I was born in Italy and I have been living in Vancouver, Canada for the last 10 years. I love Vancouver and I love eating out in Vancouver, but I can’t help but notice the many distortions of Italian dishes on restaurants menus.

For some reason that I don’t understand, in Vancouver Italian food is almost as common to find as it is to find sushi. And it isn’t just because of the many (more or less authentic) Italian restaurants, west coast restaurants, and even chains often like to feature Italian dishes as part of their regular menus.

If on one hand, I’m flattered for all this attention, on the other hand, I’m seriously worried that the authentic Italian cuisine might get undermined by all these unsuccessful imitations; that people will either decide that they don’t like Italian food or -worse- that they like the imitation better than the real thing, and would turn the latter away. Frightening!

Even just on spelling and pronunciation, I understand that some Italian words will get Americanized (e.g. ‘Parmesan’ cheese), but I don’t understand why people can’t do an Italian spell check or even just a Google search before printing out their menus (it’s ‘focaccia’, not ‘foccacia’!) Maybe I’m hyper-sensitive to the issue because Italians don’t make many spelling mistakes (the Italian language is written pretty much exactly like it’s pronounced), but this makes Italian spelling mistakes stand out even more.

In this blog, I’m very pretentiously trying to fix the problem. I will say the proper ways to write the names of Italian dishes. And, from what I know, I will also try to say how the dish should look and taste… for sure I will say how the dish most definitely *shouldn’t* look or taste πŸ™‚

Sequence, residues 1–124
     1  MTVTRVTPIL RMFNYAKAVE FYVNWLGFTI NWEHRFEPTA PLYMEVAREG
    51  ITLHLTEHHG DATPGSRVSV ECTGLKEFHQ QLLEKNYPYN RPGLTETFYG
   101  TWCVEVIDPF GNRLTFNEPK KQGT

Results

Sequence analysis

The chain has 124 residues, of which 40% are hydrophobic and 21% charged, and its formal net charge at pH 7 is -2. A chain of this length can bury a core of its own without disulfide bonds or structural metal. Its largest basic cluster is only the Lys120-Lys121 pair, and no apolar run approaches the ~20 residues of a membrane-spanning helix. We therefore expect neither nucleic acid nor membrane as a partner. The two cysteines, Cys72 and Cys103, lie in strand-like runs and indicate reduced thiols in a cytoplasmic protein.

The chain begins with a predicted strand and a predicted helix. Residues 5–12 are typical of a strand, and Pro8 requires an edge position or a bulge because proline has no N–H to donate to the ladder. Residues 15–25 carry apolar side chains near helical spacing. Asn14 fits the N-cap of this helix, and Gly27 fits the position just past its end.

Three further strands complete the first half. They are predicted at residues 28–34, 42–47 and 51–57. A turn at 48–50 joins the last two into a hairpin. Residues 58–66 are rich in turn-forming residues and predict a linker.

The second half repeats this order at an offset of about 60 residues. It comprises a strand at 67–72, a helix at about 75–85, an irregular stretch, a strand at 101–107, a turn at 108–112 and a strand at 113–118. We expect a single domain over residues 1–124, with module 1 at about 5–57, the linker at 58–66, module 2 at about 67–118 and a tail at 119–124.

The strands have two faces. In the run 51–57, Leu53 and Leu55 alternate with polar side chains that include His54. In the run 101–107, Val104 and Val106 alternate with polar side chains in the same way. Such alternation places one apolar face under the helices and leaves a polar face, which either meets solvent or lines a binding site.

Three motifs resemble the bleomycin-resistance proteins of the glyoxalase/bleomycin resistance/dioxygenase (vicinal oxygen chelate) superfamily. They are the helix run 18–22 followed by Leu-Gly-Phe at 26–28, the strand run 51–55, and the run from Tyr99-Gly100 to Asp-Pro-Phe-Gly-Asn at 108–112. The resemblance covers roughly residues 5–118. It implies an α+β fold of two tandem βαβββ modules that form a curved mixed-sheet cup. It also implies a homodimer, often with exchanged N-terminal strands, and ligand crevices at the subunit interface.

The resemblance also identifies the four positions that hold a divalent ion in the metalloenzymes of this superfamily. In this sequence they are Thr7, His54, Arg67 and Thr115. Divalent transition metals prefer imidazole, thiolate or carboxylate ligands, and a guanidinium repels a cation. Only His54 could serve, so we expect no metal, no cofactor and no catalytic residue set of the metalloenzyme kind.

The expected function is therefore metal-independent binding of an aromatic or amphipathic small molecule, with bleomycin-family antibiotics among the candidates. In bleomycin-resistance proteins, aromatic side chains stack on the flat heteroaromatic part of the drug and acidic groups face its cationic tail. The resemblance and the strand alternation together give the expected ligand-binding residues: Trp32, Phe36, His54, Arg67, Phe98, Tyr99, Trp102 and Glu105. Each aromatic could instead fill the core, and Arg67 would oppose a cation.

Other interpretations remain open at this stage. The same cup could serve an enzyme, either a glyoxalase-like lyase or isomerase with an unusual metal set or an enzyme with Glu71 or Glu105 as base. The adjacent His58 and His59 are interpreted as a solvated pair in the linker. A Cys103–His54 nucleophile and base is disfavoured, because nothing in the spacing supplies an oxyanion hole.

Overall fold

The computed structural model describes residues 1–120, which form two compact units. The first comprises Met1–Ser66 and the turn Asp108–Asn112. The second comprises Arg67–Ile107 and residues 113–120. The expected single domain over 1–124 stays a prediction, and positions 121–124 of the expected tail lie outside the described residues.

5 thoughts on “Preface”

  1. I don't think you're hyper-sensitive on the topic: food is an important part of popular culture, and as culture it can be changed, little by little, producing something new. On the other hand, culture shall be also preserved for the sake of knowledge itself, and to be preserved, rigorousness is essential.
    Through food you experience a country. It may seems silly, but food is important as language and mentality of a nation. So, it's good to keep all these components together, even if you're just willing to eat.

    Good luck with this blog πŸ™‚

  2. Hello!

    Just found this blog, and quite enjoyed the articles you have so far.

    As I'm also living in Vancouver (but a native Canadian), it would be great to hear what you do recommend as a good Italian restaurant – if only certain dishes/drinks/etc. It would be great to find the most authentic restaurants in this city.

    Heck, you could even turn into an Italian food critic maybe. πŸ˜‰

    Keep up the good work.

  3. Thanks for the comments! As for restaurant recommendations in Vancouver, I've only tried a few (since I enjoy cooking and my cooking is Italian, when I go out it's more likely for sushi!) I had a very good meal at Amarcord, liked Poor Italian, liked Nook for pizza, wasn't too impressed with Trattoria Italian Kitchen.

  4. Sean just passed on your blog to me and it is great. I have to say I have committed more than one of the 'offences' you have listed but look forward to improving my italian cooking skills through your blog.


    Kimberly Payne

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